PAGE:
Working in an initial reception centre in Rheinland-Pfalz.
By Barbara Frazier, Kusel, February, 13th 2016.
There are fifteen children in my group, the youngest of which are barely six years old, the eldest between 13 and 15. Everything is very improvised around here; we’re teaching German lessons in party tents that do not close properly against the draught – in the winter months, we’ve regularly got temperatures below zero. Even the fan heaters are of little help, they roast the children directly in front of them and do not reach the rest. So we decided to include movement games and theatre exercises into our lessons in order to literally heat them up. In order to do so, we frequently use the lawn in front of the tents.
The children speak Arabic, Farsi and Albanian; we do not share a common language, apart from the few scraps of German we taught them in the last weeks. We communicate with hands, feet, gestures and drawings I have prepared – and of course by imitation. We start with an impulse circle consisting of “Hepp” (going right or left), “Paff” (passing through the centre of the circle) and “Boing” (blocking and reversing the impulse). The aim is to take up the impulse and pass it on, the focus is on volume, snappiness and precision. The older children remain a bit reluctant at first, but this wears off quickly – sometimes the younger ones are being patronised by the older ones, but all in all we have some well working rounds.
As a next step, I try to reduce fear of contact with the “Shoulder-Shoulder” game. For this, all participants stand close to each other and in turn touch their neighbours’ right and left shoulders, hips and knees with their opposite hands, speaking the names of the body parts. (This may be a bit cryptic, so once more: 1) I touch my left neighbour’s right shoulder with my right hand, saying “shoulder”, 2) I touch my right neighbour’s left shoulder with my left hand, saying “shoulder”, 3) I touch my left neighbour’s right hip with my right hand, saying “hip”, 4) I touch my right neighbour’s left hip with my left hand, saying “hip”, 5) I touch my left neighbour’s right knee with my right hand saying “knee”, 6) I touch my right neighbour’s left knee with my left hand, saying “knee” – Got it?) “Like one body, one voice”, I explain and show them that this is not about hurting the other with a strong blow or being first finished, but to become one unit, one sort of machine as a group. Start as one, end as one and do really touch the other, yeeees, even if there’s a girl standing next to a boy. We have some difficulties with those children who can’t distinguish left and right; this, however, is a problem I’ve come across in German primary schools, too.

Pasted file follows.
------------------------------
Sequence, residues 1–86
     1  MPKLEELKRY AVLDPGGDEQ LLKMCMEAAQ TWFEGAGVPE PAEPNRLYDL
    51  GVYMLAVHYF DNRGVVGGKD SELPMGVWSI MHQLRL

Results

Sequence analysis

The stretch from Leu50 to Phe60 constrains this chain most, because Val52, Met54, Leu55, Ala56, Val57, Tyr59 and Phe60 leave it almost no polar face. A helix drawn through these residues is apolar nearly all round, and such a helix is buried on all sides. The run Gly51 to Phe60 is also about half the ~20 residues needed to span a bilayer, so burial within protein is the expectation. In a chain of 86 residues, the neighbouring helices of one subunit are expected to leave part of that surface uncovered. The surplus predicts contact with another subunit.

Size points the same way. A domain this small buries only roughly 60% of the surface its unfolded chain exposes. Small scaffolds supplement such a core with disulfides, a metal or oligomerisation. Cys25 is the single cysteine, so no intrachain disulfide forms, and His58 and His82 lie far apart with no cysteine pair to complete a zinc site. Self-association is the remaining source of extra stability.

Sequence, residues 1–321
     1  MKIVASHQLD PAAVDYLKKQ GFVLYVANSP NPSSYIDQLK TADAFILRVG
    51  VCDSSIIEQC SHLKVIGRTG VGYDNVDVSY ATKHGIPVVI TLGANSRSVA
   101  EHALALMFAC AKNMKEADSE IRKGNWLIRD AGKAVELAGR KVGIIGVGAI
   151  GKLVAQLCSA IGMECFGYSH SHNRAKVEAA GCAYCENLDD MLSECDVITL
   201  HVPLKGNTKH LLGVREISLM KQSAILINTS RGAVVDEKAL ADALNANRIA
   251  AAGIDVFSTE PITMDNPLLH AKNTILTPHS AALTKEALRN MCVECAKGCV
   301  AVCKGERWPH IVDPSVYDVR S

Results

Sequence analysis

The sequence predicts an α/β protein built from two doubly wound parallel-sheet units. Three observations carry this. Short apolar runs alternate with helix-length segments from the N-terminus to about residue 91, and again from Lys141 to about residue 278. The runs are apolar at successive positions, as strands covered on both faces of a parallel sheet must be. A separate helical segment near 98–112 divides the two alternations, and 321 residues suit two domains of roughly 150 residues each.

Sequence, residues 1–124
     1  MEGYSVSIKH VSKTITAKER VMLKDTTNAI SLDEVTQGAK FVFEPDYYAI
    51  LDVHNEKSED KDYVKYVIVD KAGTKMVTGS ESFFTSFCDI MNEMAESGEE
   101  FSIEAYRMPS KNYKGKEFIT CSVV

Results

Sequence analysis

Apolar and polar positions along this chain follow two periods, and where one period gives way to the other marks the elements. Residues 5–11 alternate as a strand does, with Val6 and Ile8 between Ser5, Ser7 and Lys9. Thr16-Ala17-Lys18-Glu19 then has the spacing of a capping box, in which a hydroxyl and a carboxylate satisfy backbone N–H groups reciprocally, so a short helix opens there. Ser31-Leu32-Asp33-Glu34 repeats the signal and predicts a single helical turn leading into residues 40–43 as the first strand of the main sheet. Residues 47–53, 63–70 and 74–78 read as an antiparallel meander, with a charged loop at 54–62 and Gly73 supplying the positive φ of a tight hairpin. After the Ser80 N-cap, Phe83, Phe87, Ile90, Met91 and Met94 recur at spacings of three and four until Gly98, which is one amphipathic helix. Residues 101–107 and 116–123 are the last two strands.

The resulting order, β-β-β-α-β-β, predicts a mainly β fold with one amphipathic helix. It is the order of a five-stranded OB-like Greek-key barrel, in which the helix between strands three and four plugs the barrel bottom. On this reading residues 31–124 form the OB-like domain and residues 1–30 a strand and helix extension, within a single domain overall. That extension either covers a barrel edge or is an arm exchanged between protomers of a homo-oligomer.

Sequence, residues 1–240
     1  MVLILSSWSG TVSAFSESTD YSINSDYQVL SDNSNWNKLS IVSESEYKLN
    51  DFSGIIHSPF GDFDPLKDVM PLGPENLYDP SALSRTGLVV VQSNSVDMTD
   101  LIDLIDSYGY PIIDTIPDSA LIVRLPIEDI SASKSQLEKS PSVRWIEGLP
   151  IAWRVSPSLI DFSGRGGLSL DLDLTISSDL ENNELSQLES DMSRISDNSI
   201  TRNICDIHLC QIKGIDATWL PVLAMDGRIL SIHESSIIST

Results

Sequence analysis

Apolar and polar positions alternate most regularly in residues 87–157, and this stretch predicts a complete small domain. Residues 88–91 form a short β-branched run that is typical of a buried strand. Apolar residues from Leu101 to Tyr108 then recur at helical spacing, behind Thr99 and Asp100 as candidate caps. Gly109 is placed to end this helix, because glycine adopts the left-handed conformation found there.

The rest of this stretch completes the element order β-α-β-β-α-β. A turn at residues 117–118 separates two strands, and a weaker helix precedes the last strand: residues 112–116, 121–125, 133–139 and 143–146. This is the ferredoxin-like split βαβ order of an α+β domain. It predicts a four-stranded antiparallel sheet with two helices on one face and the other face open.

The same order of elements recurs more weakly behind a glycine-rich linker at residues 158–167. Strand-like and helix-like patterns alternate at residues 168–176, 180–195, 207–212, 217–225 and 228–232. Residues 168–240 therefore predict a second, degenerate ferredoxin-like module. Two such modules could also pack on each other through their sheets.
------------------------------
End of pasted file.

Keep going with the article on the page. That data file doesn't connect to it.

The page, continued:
Next we play the “Monuments” game – the children’s favourite, and mine, too. I have drawn certain concepts on A3 sheets of paper: Circle, Rectangle, Triangle, Car, Ship, Sun, House, Cat, Tree, Wedding. I explain the task using hands and feet; we still need a number of attempts until the fitter kids grasp what this is about and are able to explain it to their friends. I have them walk through the room, then shout a number, e.g. “Three”, upon which they have to form teams of three. I then show them one of the drawings and count down from twenty. In this time the groups have to form a monument of the concept and hold it in freeze. It’s an incredible amount of hectic, stress and little fights going on every time, but also a lot of laughter and finding out that only by cooperating and paying attention to the others, heeding them will produce a good result. A very nice exercise that makes communication on all levels necessary.
I finally have to describe a warm-up game that by now everybody living in the accommodation knows and can join into, because the children never cease to play it. We stand in a circle. One starts, points at a fellow player and shouts “Hey du, du bist ein cooler Typ, drum sing mit mir das Schüttellied! Und hoch, schüttel, schüttel, schüttel, schüttel, schüttel! Und runter, schüttel, schüttel, schüttel, schüttel, schüttel! Und links, schüttel, schüttel, schüttel, schüttel, schüttel! Und rechts, schüttel, schüttel, schüttel, schüttel, schüttel!” [“Hey you, you are a cool guy, so sing the shaking song with me! And up shake it, shake it, shake it, shake it! And down, shake it, shake it, shake it, shake it! And left shake it, shake it, shake it, shake it! And right shake it, shake it, shake it, shake it!”] With the refrain, everybody joins in and jumps and shake their arms and legs in the respective directions (up, down, left and right). It’s quite an exhilarating feeling for me that by now, people arriving in the accommodation can sing along this song now even before they can pronounce “How are you?” in German. ☺